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Scaling Up for the Carbon Challenge: Going from Micro to Massive
A guest post by Isabelle Le Guay
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Hi there! 👋
Skander here. This post will continue to explore Carbon Removal. After deep diving into the Carbon Removal Hype, digging into Carbon Offsets, Climate Drift will now look at the carbon removal challenge ahead of us. We hear about carbon dioxide emissions, carbon tons, and huge efforts ahead. But where are we now, and where do we need to go?
Cheers to another guest post! Isabelle Le Guay is an operations management consultant who dipped her toes into the Circular Economy and loved seeing how people came together for something bigger than themselves. Find her on LinkedIn!
Recap on scopes 1, 2 and 3 emissions
Scopes 1, 2 and 3 emissions encapsulate the totality of a company’s Greenhouse Gas Emissions (GHG) as a result of its operations. Measuring those emissions enables companies to calculate their climate footprint and can support the development of a decarbonization roadmap. Here is a reminder of what each scope relates to:
Scope 1 emissions: these emissions directly result of operations undertaken by an organization. Think manufacturing operations (process), leaks (fugitive), heating of fuels at facility (stationary combustion), gas emitted from car fleets (mobile combustion). However, as companies switch to EVs, the latter category will switch to scope 2.
Scope 2 emissions: these correspond to indirect emissions as a result of using third-party utility providers (e.g. to support heating and cooling).
Scope 3 emissions: these include all other emissions and are typically part of an organization’s upstream and downstream value chains. Third parties generate and control scope 3 emissions, which makes them comparatively more complex to measure. The Greenhouse Gas Protocol (GHG Protocol) established 15 categories.
Below is a view from 2021 for the European Union (Allianz):
Putting the order of magnitude into perspective
How much carbon is in a ton?
Emissions are commonly measured in metric ton carbon dioxide equivalent (tCO2e). But what exactly does a metric ton mean on an individual level? Climate Drift created a visual with various orders of magnitude. Here’s an extracted view:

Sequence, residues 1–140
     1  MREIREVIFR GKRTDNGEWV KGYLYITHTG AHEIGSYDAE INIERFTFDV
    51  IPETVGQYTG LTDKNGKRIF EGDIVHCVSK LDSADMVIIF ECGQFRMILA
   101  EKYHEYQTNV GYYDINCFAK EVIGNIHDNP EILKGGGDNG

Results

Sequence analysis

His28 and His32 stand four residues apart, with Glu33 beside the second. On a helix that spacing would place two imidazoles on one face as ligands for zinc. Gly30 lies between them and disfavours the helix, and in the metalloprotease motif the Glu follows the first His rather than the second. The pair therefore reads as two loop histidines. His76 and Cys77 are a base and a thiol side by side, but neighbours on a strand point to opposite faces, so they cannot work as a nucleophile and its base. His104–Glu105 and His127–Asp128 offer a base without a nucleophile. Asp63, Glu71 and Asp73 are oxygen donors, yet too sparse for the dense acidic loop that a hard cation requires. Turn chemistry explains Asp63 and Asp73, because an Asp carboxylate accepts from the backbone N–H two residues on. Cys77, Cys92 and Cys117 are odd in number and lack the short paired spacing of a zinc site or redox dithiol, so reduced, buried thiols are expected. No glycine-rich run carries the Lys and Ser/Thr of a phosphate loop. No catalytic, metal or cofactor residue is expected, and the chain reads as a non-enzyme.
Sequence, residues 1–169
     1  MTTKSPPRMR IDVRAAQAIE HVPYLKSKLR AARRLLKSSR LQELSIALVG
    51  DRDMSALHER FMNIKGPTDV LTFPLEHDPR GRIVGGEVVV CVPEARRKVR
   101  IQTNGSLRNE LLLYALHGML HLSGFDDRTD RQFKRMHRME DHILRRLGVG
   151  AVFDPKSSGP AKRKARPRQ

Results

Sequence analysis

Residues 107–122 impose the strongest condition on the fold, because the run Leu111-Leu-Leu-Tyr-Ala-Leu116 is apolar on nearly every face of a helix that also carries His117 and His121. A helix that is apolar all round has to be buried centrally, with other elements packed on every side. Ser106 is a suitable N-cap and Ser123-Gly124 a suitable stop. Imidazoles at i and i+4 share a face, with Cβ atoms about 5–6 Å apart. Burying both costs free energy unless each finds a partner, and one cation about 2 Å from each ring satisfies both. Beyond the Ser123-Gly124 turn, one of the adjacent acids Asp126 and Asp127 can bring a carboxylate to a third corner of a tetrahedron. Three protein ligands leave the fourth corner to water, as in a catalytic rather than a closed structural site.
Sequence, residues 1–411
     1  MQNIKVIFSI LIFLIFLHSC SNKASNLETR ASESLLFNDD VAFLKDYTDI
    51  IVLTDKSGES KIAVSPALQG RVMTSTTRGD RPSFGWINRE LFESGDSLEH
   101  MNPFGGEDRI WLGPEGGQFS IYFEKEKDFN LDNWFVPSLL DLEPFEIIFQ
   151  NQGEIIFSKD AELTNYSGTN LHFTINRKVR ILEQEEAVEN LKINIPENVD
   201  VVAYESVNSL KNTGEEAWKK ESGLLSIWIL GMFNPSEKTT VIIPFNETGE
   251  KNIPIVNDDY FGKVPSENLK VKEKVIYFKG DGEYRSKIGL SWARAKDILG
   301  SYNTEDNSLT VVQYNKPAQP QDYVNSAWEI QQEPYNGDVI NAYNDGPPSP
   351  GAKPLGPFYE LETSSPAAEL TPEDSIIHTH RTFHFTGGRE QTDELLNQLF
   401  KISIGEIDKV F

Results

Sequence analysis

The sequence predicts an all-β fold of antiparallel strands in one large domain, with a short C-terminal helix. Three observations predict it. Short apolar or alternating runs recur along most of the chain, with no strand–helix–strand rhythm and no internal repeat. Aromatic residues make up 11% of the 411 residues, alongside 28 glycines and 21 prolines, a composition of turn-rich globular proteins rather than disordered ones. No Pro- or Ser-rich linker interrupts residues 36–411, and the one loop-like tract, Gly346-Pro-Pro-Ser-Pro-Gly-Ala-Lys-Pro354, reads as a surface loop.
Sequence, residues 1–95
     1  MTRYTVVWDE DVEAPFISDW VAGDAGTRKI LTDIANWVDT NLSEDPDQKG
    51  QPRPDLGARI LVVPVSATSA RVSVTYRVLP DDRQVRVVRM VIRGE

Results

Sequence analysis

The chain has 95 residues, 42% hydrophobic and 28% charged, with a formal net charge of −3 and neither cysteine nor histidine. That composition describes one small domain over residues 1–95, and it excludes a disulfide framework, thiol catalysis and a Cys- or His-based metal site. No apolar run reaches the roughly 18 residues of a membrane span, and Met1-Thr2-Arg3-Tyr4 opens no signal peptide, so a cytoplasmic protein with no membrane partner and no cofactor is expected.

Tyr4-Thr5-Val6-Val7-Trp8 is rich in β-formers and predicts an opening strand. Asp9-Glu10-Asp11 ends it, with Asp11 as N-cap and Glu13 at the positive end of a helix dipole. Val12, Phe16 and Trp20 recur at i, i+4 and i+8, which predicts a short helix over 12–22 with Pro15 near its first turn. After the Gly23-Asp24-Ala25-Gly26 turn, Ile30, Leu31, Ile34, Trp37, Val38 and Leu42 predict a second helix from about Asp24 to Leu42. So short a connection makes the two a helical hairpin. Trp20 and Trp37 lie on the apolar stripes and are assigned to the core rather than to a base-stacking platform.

The graph below highlights net flows of industry emissions along with CO2 storage potentials.
Net zero = Carbon reduction + carbon removal
The world emitted 54.59 GtCO2e, including 37.12 GtCO2, in 2021. The strategy to reach net zero will require a combination of energy efficiency, electrification, and decarbonization. But that will not be enough, and the market is still working on solutions for hard-to-decarbonize industries, including the steel or cement industries. The bottom line is that the world cannot reach net zero without Carbon Dioxide Removal (CDR). In fact, we are on a trajectory to reach 2 degrees. It is currently estimated that CDR will need to remove 10 GtGHG annually by 2050 in support of net zero efforts. This represents approximately 25% of annual global carbon emissions.
The CDR industry: a nascent industry with a lot on its shoulders
Current supply - 110 ktCO2 was delivered Current demand - The marketplace committed to purchasing 4.8 MtCO2
Technologies are slowly maturing
There are a multitude of promising CDR technologies at various Technology Readiness Levels (TRL), with wide-ranging cost per ton and learning rates. The most advanced technologies are Bionergy with Carbon Removal and Storage (BiCRS) and Direct Air Carbon Capture and Storage (DACCS). To date, 18 DACCS plants have been built globally, and 27 have been commissioned. Combined, these technologies have delivered 2.3% of the committed purchases (see updated values here). The work is not over yet!
CDR faces a funding challenge
- CDR needs capital to scale quickly - The CDR industry is in a bit of a Catch-22 scenario because it requires funding to advance its R&D efforts at pace but can't attract investors until it shows definite progress. The more projects CDR companies have under their belt, the faster they will be able to drive their technologies to a commercially viable stage.
- The market remains voluntary - The market is driven by a host of platforms and players, including buyers clubs (e.g., Frontier), MRV and marketplaces (e.g., Carbonfuture), brokers, and registries (e.g., Puro). This Voluntary Carbon Market (VCM) represents 0.05% of the annual 10 GtCO2 we need to remove. Clearly, we are nowhere near where we need to be. Given the current price per ton, which stands at $615 as of July 2023, only a handful of sectors, including tech, banking, and airline companies, decided to participate in this somewhat philanthropic market.
- Government support is coming through - Governments have started to take action in various ways. In the US, the Infrastructure Investment and Jobs Act (IIJA) and the Inflation Reduction Act (IRA) demonstrate the country's commitment to advancing the CDR industry, starting with Direct Air Capture (DAC):
IIJA allocated $3.7bn towards CDR and unlocked a combined funding of $1.2bn to fund the development of two large DAC demonstration plants in Louisiana and Texas. These two projects will deliver 2 MtCO2, the equivalent emissions of 445,000 gas-powered Citroen C1s.
The IRA created the 45Q tax instrument, which offers $180/tCO2 and will help narrow the gap between actual costs and market expectations.